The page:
the controller running in its fall-back mode. When the unit has builtup this back-up data, the unit can be enabled. Note that the unit can
be enabled remotely if a telephone line is fitted.
Siemens MOVA Commissioning Complete
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9.6 MOVA Commissioning Detail
This section expands on the steps in the commissioning checklist from the previous
section…
If an OMCU and MOVA unit is being installed, it is recommended that the OMCU
application be commissioned before the MOVA application. The checklist should be
followed in sequence:
Step Section
Action to be Performed
1)
5
Check that the MOVA unit has been installed correctly.
2)
6
Check that the OMCU has been commissioned correctly (when an
OMCU and MOVA unit is being installed).
3)
5.2.8
Ensure the RAM backup battery insulation strip has been removed.
4)
9.6.7
All the cables can be connected since the unit can now be reinitialised after the correct site data has been loaded to ensure a
‘clean start’.
5)
-
6)
7.3.1
Switch on the MOVA unit’s mains supply.
Check that the System LED (LP1) is flashing. Note that MOVA will
flash this LED at the fast rate since the unit is not ‘On Control’.
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9.6.1 Communicating Locally with the MOVA Unit
7)
9.6.1
Connect the PC to the MOVA unit’s local port (the 25 way D-type
connector on the front of the processor board) and start the MOVA
communications application.
Connect a normal controller handset cable (such as the IPT cable 667/1/17523/003)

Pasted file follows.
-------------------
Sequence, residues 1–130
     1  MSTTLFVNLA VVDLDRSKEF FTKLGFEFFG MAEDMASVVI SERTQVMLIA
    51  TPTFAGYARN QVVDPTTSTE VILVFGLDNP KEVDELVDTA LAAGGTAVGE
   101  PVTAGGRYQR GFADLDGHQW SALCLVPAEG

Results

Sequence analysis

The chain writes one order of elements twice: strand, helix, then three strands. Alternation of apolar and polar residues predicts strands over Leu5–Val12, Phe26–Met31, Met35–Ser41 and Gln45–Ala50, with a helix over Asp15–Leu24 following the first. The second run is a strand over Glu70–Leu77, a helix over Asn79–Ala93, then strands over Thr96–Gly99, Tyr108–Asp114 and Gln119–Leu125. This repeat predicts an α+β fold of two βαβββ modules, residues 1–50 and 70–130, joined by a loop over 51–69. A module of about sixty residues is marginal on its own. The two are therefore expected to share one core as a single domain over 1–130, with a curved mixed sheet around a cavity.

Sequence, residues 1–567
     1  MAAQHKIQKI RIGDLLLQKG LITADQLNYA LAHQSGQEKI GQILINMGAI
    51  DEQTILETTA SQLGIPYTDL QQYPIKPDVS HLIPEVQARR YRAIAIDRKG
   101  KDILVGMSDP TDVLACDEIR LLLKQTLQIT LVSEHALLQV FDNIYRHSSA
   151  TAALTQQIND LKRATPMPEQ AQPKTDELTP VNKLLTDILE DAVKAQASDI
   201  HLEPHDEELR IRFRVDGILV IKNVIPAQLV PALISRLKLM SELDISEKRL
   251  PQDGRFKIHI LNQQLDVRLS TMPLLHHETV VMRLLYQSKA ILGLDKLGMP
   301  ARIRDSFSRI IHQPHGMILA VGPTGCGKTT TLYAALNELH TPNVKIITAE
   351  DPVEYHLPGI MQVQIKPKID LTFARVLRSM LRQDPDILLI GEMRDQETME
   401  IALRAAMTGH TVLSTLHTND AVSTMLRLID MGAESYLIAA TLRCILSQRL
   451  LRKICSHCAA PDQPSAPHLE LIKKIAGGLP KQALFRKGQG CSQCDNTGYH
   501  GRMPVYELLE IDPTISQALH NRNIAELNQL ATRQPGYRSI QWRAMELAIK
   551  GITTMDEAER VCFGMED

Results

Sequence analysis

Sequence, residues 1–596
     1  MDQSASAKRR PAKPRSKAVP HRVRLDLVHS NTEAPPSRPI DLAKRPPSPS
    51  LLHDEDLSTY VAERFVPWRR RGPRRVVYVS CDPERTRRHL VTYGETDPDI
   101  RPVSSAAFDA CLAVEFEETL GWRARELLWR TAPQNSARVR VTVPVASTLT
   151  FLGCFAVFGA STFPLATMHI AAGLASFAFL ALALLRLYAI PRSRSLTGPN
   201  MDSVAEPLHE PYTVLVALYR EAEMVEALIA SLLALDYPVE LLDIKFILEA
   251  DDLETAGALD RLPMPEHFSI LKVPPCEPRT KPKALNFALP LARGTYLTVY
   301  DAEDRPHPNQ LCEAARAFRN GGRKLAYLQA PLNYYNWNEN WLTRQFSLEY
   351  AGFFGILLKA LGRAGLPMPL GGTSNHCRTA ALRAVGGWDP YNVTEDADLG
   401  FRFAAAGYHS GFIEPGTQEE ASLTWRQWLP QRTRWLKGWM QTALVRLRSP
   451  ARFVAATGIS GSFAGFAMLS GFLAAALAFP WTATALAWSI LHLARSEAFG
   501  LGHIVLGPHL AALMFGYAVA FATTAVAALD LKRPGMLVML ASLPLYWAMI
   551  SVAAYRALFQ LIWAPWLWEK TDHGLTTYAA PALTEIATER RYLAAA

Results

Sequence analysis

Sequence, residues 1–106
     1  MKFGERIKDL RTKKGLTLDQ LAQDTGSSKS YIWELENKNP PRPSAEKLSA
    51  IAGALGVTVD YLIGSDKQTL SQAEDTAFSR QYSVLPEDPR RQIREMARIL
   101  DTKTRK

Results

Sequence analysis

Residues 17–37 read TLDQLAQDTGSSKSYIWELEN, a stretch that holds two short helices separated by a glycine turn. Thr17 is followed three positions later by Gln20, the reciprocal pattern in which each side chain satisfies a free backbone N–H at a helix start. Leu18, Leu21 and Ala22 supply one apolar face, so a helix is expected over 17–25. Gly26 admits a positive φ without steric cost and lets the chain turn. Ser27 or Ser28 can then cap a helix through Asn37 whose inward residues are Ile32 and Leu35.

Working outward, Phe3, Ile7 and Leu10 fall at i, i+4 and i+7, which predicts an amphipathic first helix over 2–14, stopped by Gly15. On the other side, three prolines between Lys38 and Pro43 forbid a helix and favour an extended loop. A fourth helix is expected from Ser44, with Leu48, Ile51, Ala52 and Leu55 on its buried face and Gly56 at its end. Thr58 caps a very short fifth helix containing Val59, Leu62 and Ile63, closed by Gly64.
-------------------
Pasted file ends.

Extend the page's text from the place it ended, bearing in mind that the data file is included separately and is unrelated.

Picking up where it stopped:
from the PC to the 25 way port on the front of the MOVA unit. Also see Section 3.10.6.
Start the MOVA Communications program, which can be downloaded from the TRL
website. The program will ask which PC COM port the serial cable is connected to.
It will then ask whether the MOVA unit is connected locally or remotely via a modem.
Select local communications and then press ‘Return’ until the unit responds.
If nothing is displayed, check that the cable has been connected to the correct serial
COM port and that no other applications on the PC are using the same serial port.
Connection is initially to the OMCU handset application. To connect through to the
MOVA application, simply enter ‘MOVA’ (or ‘XXM’).
Before the MOVA unit displays its main menu, it may display its current time and date. If
necessary, correct this using section 9.6.6 on page 155.
NB: If the Instation is communicating remotely with the MOVA unit, then access to
MOVA on site will be refused until the call is complete. Likewise, while an engineer
on site is connected to MOVA, remote communications from the Instation to
MOVA are refused. The Instation will have to try again later.
When ‘FI’ (Finish) is entered from the MOVA menu, the connection will return to the
OMCU handset application. The serial cable can now be safely disconnected from the
front of the MOVA unit and pressing F10 can close the MOVA Communications
application.
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9.6.2 Complete Initialisation
8)
9.6.2
Initialise MOVA by entering the handset command INI=2. If the
OMCU application is not required, enter INI=3 to completely reinitialise the whole unit. Enter LDV=7 to request the MOVA facility.
Refer to section 9.8 if running dual stream MOVA
Refer to Appendix D for MOVA 4
Initialisation is requested using the INI handset command:
OMCU
MOVA
Firmware
Command Initialised Initialised

PB684
INI=1

PB684
INI=2


PB684
INI=3

PB686
INI=1

PB686
INI=2


PB686
INI=3
Complete
Initialisation


Complete initialisation effectively forces the ‘first time power-up condition’ by clearing
the entire RAM within the unit. It is recommended that ‘INI=3’ is entered when a new
unit is first installed to ensure that all data has been initialised. In addition to clearing the
working data of the OMCU and the MOVA applications like INI=1 and INI=2